That night I pray, “God, please don’t let it snow.” I wonder how I will dig for the key. Will I have to use my hands? I know my crocheted mittens won’t protect them from the icy cold. I worry and have trouble sleeping.
That night I dream my baby sister is drowning in the bathtub. I must save her, but I can only use a spoon to empty the tub. I cannot scoop the water fast enough and she is dying, pleading with her eyes for me to save her.
I wake up crying and I move through the darkness to her crib. I need to see her. I caress her chubby leg through the bars just to be sure she is really there. It is cold, so I cover her. I want so much to kiss her and hold her and tell her I’m sorry, that I tried to scoop the water faster, but if I lower the side rail it will creak and I mustn’t wake our mother.
In the morning I plan to sneak a spoon from the kitchen drawer and hide it in my coat pocket. I am not a sneaky person by nature and I hate what I have been reduced to. But Mom is watchful and by the time I am ready to leave, my sister’s highchair blocks the narrow doorway to the kitchen.
Later at school, I have difficulty concentrating on my work. I keep looking at things, trying to gauge their worthiness as a shovel. I wonder if I can sneak my teacher’s yardstick out of the classroom.
Then I think about my new red binder with the blue and white stars, a Christmas gift I was allowed to choose myself. It is the prettiest shade of red I’ve ever seen and I cannot remember wanting anything more. I remove the paper from it and carry it home.
After a few scrapes in the snow, my beautiful binder begins to crumble. The cloth covering hangs loose over broken cardboard and, for a moment, I am crestfallen. But I have no time for regrets, I must find the key.
After ten minutes, I remove my mittens to breathe warm air onto my fingers. The field is an endless expanse of white and I have made very little progress. A heavy gloom bears down on me as I kneel in the snow, feeling helpless and on the verge of tears. My stomach growls and suddenly I feel very tired.
My mother sticks her head out of the window of our third floor apartment and hollers for me. I start at the sound of my name and look up.
“What are you doing down there? You get up here now!” she yells. I wonder why she is angry because I am only obeying orders. I quickly bury what is left of the binder in the snow.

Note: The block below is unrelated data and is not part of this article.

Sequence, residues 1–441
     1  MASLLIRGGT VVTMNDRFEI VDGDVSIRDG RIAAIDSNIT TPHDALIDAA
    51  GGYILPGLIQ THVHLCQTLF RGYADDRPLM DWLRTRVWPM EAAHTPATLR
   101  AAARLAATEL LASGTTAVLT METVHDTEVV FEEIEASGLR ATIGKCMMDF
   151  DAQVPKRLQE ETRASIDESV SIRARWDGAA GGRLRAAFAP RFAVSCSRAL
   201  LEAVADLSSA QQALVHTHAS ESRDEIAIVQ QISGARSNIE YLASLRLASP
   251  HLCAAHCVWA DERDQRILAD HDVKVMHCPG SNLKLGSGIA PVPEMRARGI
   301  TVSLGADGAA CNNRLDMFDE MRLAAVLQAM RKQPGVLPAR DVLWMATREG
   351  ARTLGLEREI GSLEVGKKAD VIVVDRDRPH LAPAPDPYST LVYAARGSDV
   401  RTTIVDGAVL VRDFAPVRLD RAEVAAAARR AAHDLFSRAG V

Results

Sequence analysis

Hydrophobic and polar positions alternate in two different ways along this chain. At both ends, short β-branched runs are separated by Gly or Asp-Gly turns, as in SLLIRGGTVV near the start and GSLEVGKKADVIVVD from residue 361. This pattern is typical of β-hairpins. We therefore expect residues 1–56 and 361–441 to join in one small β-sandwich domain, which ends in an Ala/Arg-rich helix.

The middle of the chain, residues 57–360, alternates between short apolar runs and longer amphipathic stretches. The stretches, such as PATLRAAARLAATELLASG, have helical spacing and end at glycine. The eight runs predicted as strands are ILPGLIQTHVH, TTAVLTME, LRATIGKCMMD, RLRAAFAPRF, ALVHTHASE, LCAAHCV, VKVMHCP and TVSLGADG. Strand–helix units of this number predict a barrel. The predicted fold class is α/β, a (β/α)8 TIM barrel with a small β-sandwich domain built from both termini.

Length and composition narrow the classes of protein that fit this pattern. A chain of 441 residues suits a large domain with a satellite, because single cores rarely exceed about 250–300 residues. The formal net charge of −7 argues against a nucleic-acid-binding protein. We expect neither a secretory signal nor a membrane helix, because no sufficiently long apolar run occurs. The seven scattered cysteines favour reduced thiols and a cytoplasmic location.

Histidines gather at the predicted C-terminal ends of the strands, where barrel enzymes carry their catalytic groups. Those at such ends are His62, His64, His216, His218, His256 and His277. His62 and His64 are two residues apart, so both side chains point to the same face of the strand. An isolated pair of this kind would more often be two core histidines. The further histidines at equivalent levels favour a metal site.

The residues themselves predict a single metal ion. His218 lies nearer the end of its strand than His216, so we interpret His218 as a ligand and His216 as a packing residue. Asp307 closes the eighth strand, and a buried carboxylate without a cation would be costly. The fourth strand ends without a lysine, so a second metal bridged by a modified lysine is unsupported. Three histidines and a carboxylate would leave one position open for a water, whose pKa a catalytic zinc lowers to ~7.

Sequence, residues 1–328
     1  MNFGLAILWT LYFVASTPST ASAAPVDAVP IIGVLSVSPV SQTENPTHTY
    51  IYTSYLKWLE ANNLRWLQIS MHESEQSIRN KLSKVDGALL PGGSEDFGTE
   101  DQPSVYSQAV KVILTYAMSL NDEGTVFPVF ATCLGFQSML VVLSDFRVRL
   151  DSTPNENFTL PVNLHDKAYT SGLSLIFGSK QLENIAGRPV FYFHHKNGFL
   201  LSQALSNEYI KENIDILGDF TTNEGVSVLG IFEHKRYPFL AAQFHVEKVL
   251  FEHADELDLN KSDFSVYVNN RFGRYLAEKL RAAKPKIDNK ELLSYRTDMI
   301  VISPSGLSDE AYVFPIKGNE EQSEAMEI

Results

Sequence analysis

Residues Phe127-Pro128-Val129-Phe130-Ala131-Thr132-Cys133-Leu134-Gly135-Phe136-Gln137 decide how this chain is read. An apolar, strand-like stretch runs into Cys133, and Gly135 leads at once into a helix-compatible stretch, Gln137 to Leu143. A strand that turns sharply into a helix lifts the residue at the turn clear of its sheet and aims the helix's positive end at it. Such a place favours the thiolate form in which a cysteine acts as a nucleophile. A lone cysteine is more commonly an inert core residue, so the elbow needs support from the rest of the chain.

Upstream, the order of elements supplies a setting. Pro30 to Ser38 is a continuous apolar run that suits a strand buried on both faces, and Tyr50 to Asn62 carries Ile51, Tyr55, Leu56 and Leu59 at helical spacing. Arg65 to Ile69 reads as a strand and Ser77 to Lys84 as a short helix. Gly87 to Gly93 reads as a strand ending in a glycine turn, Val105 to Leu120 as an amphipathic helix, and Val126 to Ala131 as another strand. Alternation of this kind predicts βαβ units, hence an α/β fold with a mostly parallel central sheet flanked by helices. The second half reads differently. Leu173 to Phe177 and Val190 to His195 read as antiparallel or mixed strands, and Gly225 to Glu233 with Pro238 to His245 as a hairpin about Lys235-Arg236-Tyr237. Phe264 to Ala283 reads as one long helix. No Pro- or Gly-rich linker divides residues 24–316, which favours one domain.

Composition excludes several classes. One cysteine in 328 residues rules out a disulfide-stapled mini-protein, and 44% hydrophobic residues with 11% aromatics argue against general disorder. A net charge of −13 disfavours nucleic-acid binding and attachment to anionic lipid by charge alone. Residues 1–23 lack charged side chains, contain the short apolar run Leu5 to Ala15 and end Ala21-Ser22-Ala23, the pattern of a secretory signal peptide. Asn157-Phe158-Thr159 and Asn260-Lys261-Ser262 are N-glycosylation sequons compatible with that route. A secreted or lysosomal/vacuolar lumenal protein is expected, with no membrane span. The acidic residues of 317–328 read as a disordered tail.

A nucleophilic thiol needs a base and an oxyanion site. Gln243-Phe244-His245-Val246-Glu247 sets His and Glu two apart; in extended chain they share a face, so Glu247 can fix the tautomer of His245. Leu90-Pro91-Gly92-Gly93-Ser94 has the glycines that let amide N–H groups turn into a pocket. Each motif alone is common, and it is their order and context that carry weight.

“I was looking for the key, like you said,” I say as I step through the doorway, my hands raised like little shields.
She sneers. “I never said that.”
I don’t argue. She hasn’t smacked me and I don’t want to invite one. I eat my sandwich in silence while she irons my father’s uniforms. I return to school, feeling empty inside.
Similar scenes play out over the years. She becomes especially skilled at gaslighting.
In California she says on the phone, “I’m at the neighbor’s house. Bring me the culottes I sewed for you. Cathy wants to see them.” She adds, “Go out the back gate.”
At home later I ask, “Where is Lady? Lady! Here, girl.” I click my tongue, expecting to hear the jingle of her collar and the padding of her feet on the carpet. But there is only silence.
My mother is eerily calm when she says, “She ran away. You left the back gate open. Your father is out looking for her.”
I am heartbroken and consumed by guilt. I cry in my bed and wonder why I am not being punished. Later, Dad comes home sans Lady and I despair all over again. No one comforts me.
A week later we move to an Air Base in Turkey.
Twenty years later, I will bring up the subject of Lady to my aging father.
“She ran away,” I’ll say.
“What do you mean?” he’ll ask. “No. We gave her to a couple who lived in Apple Valley. We couldn’t take her to Turkey with us.”
The color will drain from my face and I will feel betrayed and angry that I’d carried that guilt all those years. But I will repress it because Mom would only deny it and tell me I’m crazy.